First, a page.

Horse harness and armor
Images and finds indicate that the oldest method of bridling a horse was carried out with the help of a snaffle bit (German Trense).
The early medieval bridle (German Zaumung) is similar in shape to the bridle common in Vichy (Magdeburg district), only the composite bits (German Gebis) are much sharper and often coiled.
In this way, steppe horses, which in the V-VI centuries were brought to Europe from the far East by barbarian warriors, were bridled. The headband (him. Kopfgestell) with reins (him. Zugelriemen) were completely simple, from rawhide.
Horse Armor The noble army of Germany, England and France used only riotous stallions and it was considered a disgrace to mount a female horse. In the XIII century, to increase reliability, they began to make a double rein, in which some reins were tied with a bit, and others with a mouthpiece. Then the cause of the snaffle (it. Trensenzugel) was light, made of leather, but the cause of the mouthpiece (him. Stangenzugel) is almost always from a strong chain.
The wild temper of stallions prompted the use of a muzzle (it. Maulkorben). This addition to the bridle first occurs in the XV century, but, of course, it was used before. This kind of muzzles provided the “spur” to the master with ample opportunities to show their art. Especially in the XVI century, there were a lot of very skillfully made muzzles of openwork iron and applied yellow copper. On muzzles, as well as on the foreheads, the image of a lizard is often found as a symbol of purity and agility. The horse saddle was also important. The first settlers of the 5th century probably knew the saddle (German: Sattel), but did not use it. They preferred a kind of coarse cloth blankets and did not see the need for more convenient equipment.
Horse EquipmentHeadhead with snaffle bit. Golden psalter from the monastery of St. Gallen, IX century.
Horse headband. Carpet from Bayeux, con. XI century.
On a miniature in the Golden Psalter from the monastery of St. Gallen (Switzerland), dating back to the times of the Carolingians (751-987), is represented by a horse, bridled only with a horse bit. But around 1050, for the Anglo-Norman and North Germanic breeds, this turned out to be little and it took a kind of mouthpiece (German Stange, Kandare, French branche), apparently not yet supplemented with a chain, which as a lever acted on the horse’s lower jaw.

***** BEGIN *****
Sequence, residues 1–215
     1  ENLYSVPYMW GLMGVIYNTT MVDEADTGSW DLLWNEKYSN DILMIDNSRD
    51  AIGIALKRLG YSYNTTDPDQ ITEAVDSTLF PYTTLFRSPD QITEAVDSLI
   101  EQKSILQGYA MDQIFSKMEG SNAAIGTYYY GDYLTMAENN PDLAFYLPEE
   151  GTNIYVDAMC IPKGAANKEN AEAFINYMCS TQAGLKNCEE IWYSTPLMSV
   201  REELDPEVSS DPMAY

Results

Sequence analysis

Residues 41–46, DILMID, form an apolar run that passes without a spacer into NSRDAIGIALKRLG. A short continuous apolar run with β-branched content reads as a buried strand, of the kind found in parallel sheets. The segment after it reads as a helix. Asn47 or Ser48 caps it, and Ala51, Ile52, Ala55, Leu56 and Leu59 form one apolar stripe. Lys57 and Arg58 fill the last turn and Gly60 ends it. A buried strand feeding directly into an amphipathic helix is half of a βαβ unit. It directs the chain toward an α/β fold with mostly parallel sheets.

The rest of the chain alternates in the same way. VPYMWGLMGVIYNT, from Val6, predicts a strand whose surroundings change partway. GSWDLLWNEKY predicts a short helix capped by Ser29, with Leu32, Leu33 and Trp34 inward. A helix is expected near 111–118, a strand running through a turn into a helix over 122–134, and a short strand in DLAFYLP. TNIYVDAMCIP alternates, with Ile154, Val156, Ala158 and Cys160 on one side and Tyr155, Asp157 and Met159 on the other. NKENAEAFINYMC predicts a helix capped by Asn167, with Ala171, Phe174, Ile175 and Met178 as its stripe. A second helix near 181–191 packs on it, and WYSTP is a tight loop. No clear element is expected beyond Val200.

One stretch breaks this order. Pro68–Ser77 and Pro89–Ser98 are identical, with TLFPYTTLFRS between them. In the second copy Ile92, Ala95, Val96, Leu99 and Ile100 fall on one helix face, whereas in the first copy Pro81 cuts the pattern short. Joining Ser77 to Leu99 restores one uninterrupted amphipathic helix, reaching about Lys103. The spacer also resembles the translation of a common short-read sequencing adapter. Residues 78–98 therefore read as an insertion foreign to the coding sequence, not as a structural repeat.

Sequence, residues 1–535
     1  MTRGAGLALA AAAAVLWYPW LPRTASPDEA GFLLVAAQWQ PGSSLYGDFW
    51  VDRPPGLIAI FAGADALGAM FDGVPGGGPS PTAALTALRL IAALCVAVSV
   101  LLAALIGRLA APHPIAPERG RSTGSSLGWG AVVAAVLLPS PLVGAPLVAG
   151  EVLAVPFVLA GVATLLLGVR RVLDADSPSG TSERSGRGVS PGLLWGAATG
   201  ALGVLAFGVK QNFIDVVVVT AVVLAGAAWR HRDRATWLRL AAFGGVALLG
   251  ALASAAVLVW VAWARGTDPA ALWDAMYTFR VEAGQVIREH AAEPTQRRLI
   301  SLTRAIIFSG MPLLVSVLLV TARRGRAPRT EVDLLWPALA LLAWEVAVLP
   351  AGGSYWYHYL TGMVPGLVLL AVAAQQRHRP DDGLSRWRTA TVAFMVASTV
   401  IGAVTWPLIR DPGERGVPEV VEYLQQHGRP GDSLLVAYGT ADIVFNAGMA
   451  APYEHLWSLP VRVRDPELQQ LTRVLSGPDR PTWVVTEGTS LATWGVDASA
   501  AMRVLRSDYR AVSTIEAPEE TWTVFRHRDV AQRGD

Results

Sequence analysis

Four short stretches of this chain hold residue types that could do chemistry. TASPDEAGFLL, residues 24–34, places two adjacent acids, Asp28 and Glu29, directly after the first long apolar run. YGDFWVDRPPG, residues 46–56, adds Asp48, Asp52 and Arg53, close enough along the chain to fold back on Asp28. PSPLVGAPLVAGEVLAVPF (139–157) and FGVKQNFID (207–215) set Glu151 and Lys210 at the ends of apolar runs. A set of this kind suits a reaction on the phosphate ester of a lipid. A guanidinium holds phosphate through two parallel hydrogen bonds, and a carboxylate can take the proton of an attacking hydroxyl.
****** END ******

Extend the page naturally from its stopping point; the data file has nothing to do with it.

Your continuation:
In the 8th century, small and richly decorated saddles began to be used everywhere; it became necessary to have stirrups. However, the saddle was still small and consisted of a wooden base and a very low front and rear bow. On the saddle fit a small bedding. The saddle was fastened with an abdominal strap, sometimes also with a front and rear strap. It looks like a saddle in the Golden Psalter from St. Gallen.
Horse equipment Konya muzzle, made of tinned iron; in some places openwork, in some places from wire mesh; on the hoop the inscription is made: WAS GOT BESCHERT, IST UNERWERT (It is not known that God will send). Viennese work. Second floor XVI century.
Saddled stallion. Carpet from Bayeux, con. XI century.
Aragonese stirrup. Imitation of Mauritanian works, XIII century. Museum Armeria Real in Madrid.
From about 1170, the rear part of the saddle has changed significantly, apparently because of the rider’s desire to sit more securely. The front of the bow moves closer to the withers, and the back becomes taller and wider, acquires increments on the sides – a manger (German. Krippen). This is the oldest form of the nursery saddle (German Krippensattel), which was used until the first decade of the XVI century.
The saddle consists of the following parts: front bows (German: vordere Sattelbogen), back bows (German hintere Sattelbogen), seat (German Sitze), wings (German Seitenblatter), tires (German. Decke), cinches (German Steigriemen ), stirrups (German Steigbugel), chest belt (German Stegreifen) or podpersya (German Brustriemen), finally, pahvenny belt (German Schwanzriemen).
Horseman landingChanging the horseman’s landing of the XII -13th centuries. on medieval seals.
a) The seal of 1170 by Philip of Alsace.
b) The seal of 1184 by Pierre de Courtenay.
c) The seal of 1315. Louis, Count de Nevers.
d) The seal of 1235 by Baudouin, Comte de Guine.
By 1360, the lateral increments — the nurseries acquire an increasingly pronounced form, almost forming a solid ring, so it is difficult to imagine how the rider would squeeze into these nurseries between the front and rear bows.
SaddleAragon saddle King of Aragon Jaime I (1208≈1276).
A horse with a nursery saddle and pahvah with hanging straps. According to the fresco depicting the worship of the Magi, in the church Velemer in Hungary. 1378
“Clear” saddle of Emperor Maximilian I. Second floor. XV century.
Saddle in the Middle Ages was a favorite subject of rich decoration. Certain evidence of this can be found in the Golden Psalms of St. Gallen, as well as in the works of art of the XII century, such as the “Song of the Nibelungs”, which refers to a saddle decorated with stones from India. The fact that significant cost was associated decoration of saddles in the XIII and XIV centuries, there are documents.